As a general matter, a court may not consider any material beyond the pleadings in deciding a Rule 12(b)(6) motion. See Hal Roach Studios, Inc. v. Richard Feiner & Co., 896 F.2d 1542, 1555 n.19 (9th Cir. 1990). If the court considers matters outside of the pleadings, the court must treat the motion to dismiss as a motion for summary judgment under Rule 56 of the Federal Rules of Civil Procedure "and all parties shall be given reasonable opportunity to present all material made pertinent to such motion by Rule 56." See Fed. R. Civ. P. 12(b); see also Hal Roach Studios, Inc., 896 F.2d at 1555 n.19.

Analysis

Defendants argue for dismissal on several grounds. First, Defendants contend that the Court should dismiss Plaintiff's CLRA claim because he failed to provide the required notice prior to bringing suit. Second, Defendants argue that Plaintiff has not stated a claim against them under California's UCL because alleged use of foreign rice protein is insufficient to preclude labeling a product as "Made in the USA." Finally, Wilbur-Ellis argues that Plaintiff has not, and cannot, plead facts stating a claim under either the CLRA or UCL against it.

A. Notice Requirements Under the CLRA

The CLRA allows individual consumers to bring suit to obtain relief for specified unlawful conduct. In "an action for damages" under the CLRA, a plaintiff must provide the defendant with written notice at least thirty days prior to bringing suit. Cal. Civil Code § 1782(a). The notice must specify the alleged violations, demand correction, and be sent via certified or registered mail. Id. In contrast to an action for damages, the CLRA expressly provides that "an action for injunctive relief . . . may be commenced without compliance with" the notice requirements in § 1782(a). Cal. Civil Code § 1782(d). Additionally, at least thirty days following commencement of an action for injunctive relief, and after compliance with the notice requirements in § 1782(a), a plaintiff may amend the complaint without leave of court to include a request for damages. Cal. Civil Code § 1782(d).

Defendants argue that, because Plaintiff seeks damages in his complaint and because he did not provide the required presuit notice, the Court must dismiss Plaintiff's claim under the CLRA. In opposition, Plaintiff agrees that he cannot seek damages under the CLRA at this time, states that he is not seeking damages under the CLRA, but argues that his requests for injunctive relief and restitution under the CLRA may proceed.

Plaintiff has not connected all of his various prayers for relief to particular claims, and it is unclear what remedies Plaintiff seeks under the CLRA. Nevertheless, examining Plaintiff's complaint, he states in general terms that he seeks damages, injunctive relief, and restitution. (Compl. ¶ 2, 4.) In his opposition, however, Plaintiff notes that the prayer for damages was part of boilerplate pleading language and states that he does not seek damages under the CLRA. To the extent the complaint prays for damages under the CLRA, that claim fails for failure to give presuit notice. Courts have reached different conclusions as to whether a premature claim for damages under the CLRA requires dismissal with or without prejudice. Compare Laster v. T-Mobile USA, Inc., 407 F. Supp. 2d 1181, 1195-96 (S.D. Cal. 2005) (describing statutory policy of fostering early settlement of disputes and dismissing CLRA damages claim with prejudice for lack of presuit notice), with Deitz v. Comcast Corp., 2006 WL 3782902, *6-*7 (N.D. Cal. Dec. 21, 2006) (dismissing CLRA damages claim without prejudice where complaint "alluded" to damages). Here, the complaint is unclear as to whether Plaintiff seeks damages under the CLRA. Under the circumstances of this case, the Court dismisses any damages allegation under the CLRA without prejudice.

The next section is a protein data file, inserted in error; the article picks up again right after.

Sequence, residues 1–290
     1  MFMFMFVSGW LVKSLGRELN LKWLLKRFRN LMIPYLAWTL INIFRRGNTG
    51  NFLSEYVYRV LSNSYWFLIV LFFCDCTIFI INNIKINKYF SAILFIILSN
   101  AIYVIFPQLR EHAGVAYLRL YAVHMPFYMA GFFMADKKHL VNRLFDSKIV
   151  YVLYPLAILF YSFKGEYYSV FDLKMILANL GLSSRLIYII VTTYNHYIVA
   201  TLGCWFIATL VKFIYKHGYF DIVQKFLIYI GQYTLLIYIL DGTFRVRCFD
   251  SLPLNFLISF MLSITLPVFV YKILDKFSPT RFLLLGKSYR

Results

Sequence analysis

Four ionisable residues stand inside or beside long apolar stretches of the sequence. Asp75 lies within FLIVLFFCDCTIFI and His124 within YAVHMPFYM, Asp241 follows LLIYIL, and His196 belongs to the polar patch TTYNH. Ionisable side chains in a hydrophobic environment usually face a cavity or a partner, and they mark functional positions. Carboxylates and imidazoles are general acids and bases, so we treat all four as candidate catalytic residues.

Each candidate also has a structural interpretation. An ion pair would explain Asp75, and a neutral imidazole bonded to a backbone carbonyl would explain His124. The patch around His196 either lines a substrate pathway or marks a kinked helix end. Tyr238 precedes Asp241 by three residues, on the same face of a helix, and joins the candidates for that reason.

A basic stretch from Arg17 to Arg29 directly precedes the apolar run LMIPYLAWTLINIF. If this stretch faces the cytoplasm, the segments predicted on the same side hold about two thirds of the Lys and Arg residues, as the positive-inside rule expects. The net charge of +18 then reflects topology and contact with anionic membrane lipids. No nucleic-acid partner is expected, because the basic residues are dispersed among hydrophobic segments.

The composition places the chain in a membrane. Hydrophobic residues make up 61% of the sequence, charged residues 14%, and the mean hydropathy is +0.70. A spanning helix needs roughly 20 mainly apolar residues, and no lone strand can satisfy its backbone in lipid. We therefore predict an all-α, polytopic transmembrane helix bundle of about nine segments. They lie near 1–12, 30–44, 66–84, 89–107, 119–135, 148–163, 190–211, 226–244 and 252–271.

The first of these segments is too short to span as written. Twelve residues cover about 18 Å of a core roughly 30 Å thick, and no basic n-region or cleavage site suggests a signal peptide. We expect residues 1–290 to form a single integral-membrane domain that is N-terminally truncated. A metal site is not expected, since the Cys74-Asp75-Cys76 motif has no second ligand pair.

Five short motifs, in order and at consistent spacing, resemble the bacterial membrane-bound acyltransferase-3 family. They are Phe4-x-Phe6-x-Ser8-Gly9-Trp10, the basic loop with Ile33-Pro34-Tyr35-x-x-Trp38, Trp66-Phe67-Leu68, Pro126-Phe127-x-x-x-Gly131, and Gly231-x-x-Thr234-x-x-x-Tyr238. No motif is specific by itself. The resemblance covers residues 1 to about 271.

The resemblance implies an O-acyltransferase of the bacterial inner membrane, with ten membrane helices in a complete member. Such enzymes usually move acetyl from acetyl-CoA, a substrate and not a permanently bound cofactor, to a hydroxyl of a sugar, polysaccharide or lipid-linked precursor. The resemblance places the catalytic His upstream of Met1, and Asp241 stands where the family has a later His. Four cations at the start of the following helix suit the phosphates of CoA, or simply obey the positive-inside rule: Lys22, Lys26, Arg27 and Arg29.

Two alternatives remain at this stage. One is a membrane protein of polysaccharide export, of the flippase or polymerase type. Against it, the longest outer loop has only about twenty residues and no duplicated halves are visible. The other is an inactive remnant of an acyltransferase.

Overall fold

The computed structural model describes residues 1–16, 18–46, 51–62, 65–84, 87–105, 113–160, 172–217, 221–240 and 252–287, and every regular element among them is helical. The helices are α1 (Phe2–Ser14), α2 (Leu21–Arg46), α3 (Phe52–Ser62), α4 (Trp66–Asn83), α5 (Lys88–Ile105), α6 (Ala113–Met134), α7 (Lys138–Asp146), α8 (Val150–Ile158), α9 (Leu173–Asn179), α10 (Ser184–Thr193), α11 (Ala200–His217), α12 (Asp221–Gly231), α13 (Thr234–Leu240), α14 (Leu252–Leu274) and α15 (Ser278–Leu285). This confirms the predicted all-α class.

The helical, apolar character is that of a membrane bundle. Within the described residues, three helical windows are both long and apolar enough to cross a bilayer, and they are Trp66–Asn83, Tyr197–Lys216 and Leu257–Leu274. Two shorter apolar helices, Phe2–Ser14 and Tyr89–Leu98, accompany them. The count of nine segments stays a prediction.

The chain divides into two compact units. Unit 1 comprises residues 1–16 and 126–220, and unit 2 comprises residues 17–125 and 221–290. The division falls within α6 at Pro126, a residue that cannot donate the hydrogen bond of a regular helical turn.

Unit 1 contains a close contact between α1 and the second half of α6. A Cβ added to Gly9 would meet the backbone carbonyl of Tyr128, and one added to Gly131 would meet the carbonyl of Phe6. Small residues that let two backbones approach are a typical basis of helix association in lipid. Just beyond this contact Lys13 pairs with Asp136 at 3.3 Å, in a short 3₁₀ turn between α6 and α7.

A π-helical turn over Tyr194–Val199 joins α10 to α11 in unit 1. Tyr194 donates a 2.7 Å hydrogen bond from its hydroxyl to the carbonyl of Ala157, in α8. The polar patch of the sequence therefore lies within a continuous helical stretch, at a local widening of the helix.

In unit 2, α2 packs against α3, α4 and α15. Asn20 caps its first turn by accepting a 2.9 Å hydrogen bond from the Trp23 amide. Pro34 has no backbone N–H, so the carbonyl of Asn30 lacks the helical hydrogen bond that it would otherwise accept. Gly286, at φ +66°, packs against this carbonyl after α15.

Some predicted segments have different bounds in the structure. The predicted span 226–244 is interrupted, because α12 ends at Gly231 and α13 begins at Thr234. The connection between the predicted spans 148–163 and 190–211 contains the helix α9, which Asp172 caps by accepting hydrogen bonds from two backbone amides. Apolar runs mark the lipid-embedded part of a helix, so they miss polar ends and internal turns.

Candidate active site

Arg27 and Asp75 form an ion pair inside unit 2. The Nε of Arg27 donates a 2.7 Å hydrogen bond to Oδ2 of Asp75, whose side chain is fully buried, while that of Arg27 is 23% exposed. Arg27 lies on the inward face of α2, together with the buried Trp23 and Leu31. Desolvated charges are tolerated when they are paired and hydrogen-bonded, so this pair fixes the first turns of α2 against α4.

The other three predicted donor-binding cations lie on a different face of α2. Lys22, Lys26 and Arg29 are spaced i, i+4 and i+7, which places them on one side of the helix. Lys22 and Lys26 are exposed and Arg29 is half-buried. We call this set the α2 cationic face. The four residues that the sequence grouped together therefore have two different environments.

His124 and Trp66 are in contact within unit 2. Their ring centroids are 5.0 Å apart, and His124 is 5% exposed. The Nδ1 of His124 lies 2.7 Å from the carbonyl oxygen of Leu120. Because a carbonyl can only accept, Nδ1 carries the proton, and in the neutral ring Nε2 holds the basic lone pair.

To the extent the complaint seeks injunctive relief, that claim may proceed in light of § 1782(d). See Kagan v. Gibraltar Sav. & Loan Assoc., 35 Cal. 3d 582, 591 (1984) ("This notice requirement need not be complied with in order to bring an action for injunctive relief.").

As to requests for other equitable relief, such as restitution, however, the CLRA does not specify any presuit notice requirement. In numerous cases California courts have relied on the rule of statutory construction that expression in a statute of certain things necessarily involves the exclusion of other things not expressed. See, e.g., Mut. Life Ins. Co. v. City of Los Angeles, 50 Cal. 3d 402, 410 (1990) (describing this familiar rule of statutory construction encompassed by the Latin phrase expressio unius est exclusio alterius); Gilkas v. Zolin, 6 Cal. 4th 841, 852 (1993) (noting the common rule of statutory construction and stating that court may not expand application of a statute beyond that specified by the legislature). Accordingly, this rule of construction counsels against implying a requirement for written presuit notice in suits seeking equitable relief given that the legislature only specified a notice requirement in actions seeking damages.